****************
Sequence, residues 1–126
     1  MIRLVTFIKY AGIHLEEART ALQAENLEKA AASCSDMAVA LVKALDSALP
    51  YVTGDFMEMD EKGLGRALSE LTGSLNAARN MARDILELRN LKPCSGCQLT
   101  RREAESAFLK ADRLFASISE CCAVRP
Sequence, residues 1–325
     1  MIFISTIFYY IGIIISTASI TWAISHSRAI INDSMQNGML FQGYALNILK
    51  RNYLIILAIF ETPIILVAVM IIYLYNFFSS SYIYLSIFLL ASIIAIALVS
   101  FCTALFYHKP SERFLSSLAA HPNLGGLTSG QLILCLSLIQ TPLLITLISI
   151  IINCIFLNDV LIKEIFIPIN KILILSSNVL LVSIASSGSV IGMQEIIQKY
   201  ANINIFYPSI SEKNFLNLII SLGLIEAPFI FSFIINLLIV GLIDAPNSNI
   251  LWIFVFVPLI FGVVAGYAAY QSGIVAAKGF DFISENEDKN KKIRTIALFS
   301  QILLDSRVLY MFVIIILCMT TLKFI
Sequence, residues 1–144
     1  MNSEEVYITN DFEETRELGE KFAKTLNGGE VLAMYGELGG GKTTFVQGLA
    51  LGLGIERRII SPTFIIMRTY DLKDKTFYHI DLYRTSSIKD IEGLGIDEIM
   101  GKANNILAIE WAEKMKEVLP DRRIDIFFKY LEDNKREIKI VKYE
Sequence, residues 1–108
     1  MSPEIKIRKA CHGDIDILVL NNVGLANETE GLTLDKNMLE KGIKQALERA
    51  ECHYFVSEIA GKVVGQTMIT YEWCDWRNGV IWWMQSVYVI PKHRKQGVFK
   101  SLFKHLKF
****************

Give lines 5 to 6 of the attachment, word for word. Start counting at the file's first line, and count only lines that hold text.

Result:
Sequence, residues 1–325
     1  MIFISTIFYY IGIIISTASI TWAISHSRAI INDSMQNGML FQGYALNILK